Figure 5.

Different LBW gaps and RLAW equipment.

3.4 High-strength joints

Since the heat input rate is significantly lower than the conventional methods, the heat affected zone (HAZ) of laser-welded joints is very small that allowing manufacturers to perform high-strength welds.

The laser beam machining (LBM) parameters such as laser intensity, beam distribution, scanning speed, spot size, and relative motion between the laser beam and workpiece can be adjusted according to different base materials. Currently, lasers are substituting conventional machining equipment because of their superior advantages. Major advances have been made in this area to shorten the pulse time for various machining processes. Prolonged pulse durations increase the HAZ and induce high thermal stresses, which result in the formation of cracks, voids, and surface debris. Short pulse times decline the thermal conduction, provide accurate machining operation, and proper surface finish. Figure 6 reveals the difference between the properties of long and short pulse times [6].

Figure 6.

Difference between the properties of (a) long-pulsed and (b) short-pulsed durations.

3.5 Appearance, precision, and cleanliness

Since there is no need for filler metals in LBW, it provides an excellent welding quality and clean processing, so that it gains attention especially in the medical engineering industry where the quality of medical devices and components is very important.

The feature of weld optics focuses the beam down to a spot size range of 200-300 μm. On the contrary, larger spot sizes are rarely used, when low-shift welding is desired. However, large weld spots are not beneficial since they require higher overall energy and a larger heat input rate. The weld heads function with a collinear charge-coupled device (CCD) camera. Different focal planes of the beam are corrected in the visible and infrared spectra. During this modification process, a sharp CCD image indicates the proper adjustment of the weld head to its correct focal position. Moreover, a projected crosshair is centered to the position of the weld spot to be perfectly superimposed with the beam (Figure 5). Thus, machine vision algorithms are employed for automated precise adjustment of the welding optics to desired coordinates so that the beam is exactly irradiated to the gap between the workpieces to be joined.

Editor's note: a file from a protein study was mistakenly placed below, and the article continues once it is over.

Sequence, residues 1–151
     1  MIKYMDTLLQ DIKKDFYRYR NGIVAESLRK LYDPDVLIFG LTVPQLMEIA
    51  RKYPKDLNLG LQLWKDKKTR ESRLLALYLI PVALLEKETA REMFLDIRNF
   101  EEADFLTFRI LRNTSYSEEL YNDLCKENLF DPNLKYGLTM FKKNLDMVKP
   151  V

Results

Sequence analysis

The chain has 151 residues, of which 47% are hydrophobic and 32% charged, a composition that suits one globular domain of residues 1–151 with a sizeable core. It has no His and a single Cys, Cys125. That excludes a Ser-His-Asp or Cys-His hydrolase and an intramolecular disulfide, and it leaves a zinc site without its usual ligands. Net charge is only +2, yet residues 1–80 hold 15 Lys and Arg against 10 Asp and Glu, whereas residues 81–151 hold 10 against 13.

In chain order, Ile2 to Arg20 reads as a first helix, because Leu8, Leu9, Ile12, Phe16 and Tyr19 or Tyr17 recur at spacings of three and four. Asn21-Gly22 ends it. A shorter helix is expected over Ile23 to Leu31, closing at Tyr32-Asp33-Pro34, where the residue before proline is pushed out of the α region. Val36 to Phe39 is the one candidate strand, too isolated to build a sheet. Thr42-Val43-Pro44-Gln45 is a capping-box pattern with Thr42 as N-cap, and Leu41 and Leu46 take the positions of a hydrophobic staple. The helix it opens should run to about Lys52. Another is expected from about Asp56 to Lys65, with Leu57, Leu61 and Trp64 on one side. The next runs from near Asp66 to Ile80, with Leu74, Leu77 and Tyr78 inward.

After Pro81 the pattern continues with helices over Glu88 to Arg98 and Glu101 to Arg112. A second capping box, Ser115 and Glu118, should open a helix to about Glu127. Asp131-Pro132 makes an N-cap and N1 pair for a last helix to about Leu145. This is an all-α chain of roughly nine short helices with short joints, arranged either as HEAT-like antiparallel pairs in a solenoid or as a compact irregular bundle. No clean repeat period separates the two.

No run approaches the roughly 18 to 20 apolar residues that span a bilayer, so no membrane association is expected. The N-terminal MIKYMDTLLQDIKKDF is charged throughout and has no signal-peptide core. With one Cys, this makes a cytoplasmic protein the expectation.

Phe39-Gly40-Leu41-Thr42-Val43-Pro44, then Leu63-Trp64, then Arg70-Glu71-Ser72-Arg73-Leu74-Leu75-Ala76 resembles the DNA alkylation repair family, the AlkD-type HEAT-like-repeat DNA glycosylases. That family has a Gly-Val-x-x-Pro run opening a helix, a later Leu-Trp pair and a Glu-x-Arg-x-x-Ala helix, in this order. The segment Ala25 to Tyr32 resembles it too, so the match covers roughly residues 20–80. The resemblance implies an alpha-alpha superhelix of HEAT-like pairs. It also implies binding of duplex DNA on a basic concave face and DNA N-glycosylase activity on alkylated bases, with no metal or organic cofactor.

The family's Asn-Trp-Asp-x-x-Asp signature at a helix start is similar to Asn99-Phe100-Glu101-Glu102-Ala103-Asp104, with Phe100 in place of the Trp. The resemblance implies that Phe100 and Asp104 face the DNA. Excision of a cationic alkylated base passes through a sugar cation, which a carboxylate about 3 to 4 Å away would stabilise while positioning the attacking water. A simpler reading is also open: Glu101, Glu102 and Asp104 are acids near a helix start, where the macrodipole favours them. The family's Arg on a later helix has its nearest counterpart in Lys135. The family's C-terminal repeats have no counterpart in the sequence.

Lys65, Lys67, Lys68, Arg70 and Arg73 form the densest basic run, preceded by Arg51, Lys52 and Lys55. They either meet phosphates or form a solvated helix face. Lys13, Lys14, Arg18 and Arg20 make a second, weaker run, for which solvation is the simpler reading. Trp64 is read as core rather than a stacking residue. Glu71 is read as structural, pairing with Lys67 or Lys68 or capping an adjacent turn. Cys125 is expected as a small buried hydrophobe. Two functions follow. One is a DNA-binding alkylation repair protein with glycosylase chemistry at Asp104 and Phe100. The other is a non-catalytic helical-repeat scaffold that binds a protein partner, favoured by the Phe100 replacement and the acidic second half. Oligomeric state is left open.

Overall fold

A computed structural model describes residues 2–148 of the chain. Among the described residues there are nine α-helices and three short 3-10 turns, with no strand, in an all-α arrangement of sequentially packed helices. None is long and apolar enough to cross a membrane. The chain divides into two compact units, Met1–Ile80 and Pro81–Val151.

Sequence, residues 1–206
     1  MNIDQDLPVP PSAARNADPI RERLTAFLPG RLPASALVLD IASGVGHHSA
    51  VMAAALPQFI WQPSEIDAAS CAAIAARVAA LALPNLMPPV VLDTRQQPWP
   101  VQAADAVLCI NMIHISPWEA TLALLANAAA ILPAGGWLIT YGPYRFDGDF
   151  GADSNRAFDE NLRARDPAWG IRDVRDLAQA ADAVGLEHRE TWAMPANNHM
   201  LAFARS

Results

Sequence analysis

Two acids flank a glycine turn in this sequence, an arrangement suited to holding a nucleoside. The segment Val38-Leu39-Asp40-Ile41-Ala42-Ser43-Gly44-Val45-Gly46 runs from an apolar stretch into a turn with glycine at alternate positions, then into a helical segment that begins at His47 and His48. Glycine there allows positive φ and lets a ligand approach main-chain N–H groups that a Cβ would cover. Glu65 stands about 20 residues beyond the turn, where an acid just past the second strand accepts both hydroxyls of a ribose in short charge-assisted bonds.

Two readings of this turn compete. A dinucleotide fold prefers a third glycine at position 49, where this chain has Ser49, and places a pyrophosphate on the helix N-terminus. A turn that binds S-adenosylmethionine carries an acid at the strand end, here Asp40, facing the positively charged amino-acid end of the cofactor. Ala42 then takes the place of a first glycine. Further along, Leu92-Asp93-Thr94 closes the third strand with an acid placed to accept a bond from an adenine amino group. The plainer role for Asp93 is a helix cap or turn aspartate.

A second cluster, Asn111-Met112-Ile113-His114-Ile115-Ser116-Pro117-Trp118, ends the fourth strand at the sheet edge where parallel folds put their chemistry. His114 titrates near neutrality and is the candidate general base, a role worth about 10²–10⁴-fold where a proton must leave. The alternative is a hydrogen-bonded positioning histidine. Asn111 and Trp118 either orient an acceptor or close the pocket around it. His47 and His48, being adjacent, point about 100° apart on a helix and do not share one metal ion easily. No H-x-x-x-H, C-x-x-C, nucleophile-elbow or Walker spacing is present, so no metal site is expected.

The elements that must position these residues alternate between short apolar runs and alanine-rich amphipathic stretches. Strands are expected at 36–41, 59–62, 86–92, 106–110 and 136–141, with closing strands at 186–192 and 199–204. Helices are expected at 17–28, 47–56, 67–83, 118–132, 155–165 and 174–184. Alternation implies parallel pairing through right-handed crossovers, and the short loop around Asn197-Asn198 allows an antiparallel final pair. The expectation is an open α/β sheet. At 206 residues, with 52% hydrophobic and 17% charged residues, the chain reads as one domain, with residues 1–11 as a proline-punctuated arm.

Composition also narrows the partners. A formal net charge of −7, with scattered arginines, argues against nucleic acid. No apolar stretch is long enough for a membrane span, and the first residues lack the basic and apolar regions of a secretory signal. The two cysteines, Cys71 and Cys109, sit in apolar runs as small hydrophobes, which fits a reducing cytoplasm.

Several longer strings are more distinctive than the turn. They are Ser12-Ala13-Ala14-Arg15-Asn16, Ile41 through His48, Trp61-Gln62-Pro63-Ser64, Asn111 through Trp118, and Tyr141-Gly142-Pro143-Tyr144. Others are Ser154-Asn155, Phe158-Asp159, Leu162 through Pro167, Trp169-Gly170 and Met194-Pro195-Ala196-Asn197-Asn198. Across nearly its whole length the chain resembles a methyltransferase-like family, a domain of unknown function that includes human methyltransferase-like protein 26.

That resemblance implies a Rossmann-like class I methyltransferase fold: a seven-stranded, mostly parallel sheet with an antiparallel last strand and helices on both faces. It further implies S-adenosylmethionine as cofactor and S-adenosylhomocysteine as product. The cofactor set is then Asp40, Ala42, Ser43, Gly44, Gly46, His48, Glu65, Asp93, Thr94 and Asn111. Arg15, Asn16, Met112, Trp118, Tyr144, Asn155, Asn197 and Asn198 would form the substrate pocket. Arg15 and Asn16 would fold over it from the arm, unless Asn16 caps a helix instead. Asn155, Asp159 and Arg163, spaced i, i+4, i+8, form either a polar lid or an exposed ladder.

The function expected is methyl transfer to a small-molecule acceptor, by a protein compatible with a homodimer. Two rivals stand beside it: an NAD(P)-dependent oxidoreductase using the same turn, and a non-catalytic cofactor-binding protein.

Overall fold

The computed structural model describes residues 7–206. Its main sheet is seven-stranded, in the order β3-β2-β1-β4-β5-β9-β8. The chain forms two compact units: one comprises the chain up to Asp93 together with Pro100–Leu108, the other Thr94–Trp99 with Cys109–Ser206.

To keep the power density constant, LBW should be always carried out using the waist of the beam with an accuracy of 10 μm. If the irradiated beam is not focused, the power density rapidly increases and causes an uneven weld pool. Since the strength of the contact between the joining surfaces is one of the key parameters of low-shift welding, the welding design should be consistent with this parameter. To adjust cylindrical parts to the most parallel state, a dome-shaped air bearing is used. A preset force moves the parts in contact with each other, which are self-adjusted as floating on an air bearing. When the surfaces are positioned parallel to each other, the angular position is fixed to activate the alignment. Predetermined offsets can compensate for the predicted weld shift in a planar setup. By optimizing the tolerance of the parts, the accuracy of the offset can be improved.

If a welded component shifts during the nano-welding process, additional employment of the weld energy in an opposite direction bends the workpiece back into the desired location. During this process, the effect of the unavoidable shrinkage is exploited. Careful experimenting should be carried out to determine the proper power and time of the corrective pulse. This procedure is known as laser-induced micro-adjustment (LIMA). Forming nanostructured weld joints requires a weld design, which is optimized for LBW. The LBW system has to consider the specific aspect ratio of the workpiece. To obtain an optimal result, it is suggested that the nanostructure designer and the manufacturer of the welding system work together from the beginning.